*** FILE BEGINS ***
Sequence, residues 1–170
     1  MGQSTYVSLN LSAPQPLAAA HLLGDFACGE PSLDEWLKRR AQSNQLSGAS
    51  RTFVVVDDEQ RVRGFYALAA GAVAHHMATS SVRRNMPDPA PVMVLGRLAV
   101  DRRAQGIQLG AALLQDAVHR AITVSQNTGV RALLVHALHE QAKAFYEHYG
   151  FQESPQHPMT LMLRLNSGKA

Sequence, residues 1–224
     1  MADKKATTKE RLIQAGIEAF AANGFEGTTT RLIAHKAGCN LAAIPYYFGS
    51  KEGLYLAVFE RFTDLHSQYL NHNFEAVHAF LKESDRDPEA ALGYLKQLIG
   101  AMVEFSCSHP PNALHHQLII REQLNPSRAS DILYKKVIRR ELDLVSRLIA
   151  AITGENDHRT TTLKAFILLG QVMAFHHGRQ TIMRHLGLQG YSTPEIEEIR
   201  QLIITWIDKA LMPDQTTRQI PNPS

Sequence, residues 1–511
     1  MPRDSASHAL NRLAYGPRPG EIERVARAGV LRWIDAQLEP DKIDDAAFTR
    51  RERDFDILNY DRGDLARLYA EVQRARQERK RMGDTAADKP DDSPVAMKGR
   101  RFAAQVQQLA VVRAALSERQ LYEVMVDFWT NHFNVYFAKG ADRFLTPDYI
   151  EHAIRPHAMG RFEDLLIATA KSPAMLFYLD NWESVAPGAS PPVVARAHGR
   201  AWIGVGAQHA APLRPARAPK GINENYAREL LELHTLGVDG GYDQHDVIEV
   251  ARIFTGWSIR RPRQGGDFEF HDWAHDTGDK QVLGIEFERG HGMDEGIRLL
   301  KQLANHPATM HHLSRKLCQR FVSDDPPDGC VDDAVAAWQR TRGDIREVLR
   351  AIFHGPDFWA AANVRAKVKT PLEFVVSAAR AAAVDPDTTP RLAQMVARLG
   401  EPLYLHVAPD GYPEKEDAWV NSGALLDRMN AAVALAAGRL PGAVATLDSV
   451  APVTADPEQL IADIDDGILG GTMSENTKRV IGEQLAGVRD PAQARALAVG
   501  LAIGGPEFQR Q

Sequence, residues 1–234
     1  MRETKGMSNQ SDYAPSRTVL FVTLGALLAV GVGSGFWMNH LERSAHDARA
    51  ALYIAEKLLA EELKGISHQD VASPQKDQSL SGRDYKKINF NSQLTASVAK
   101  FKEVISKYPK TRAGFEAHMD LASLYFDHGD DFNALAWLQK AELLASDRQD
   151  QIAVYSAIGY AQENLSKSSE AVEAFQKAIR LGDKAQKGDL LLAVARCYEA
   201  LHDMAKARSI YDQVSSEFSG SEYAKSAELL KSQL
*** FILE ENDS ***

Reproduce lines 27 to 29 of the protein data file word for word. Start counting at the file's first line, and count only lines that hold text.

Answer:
   101  FKEVISKYPK TRAGFEAHMD LASLYFDHGD DFNALAWLQK AELLASDRQD
   151  QIAVYSAIGY AQENLSKSSE AVEAFQKAIR LGDKAQKGDL LLAVARCYEA
   201  LHDMAKARSI YDQVSSEFSG SEYAKSAELL KSQL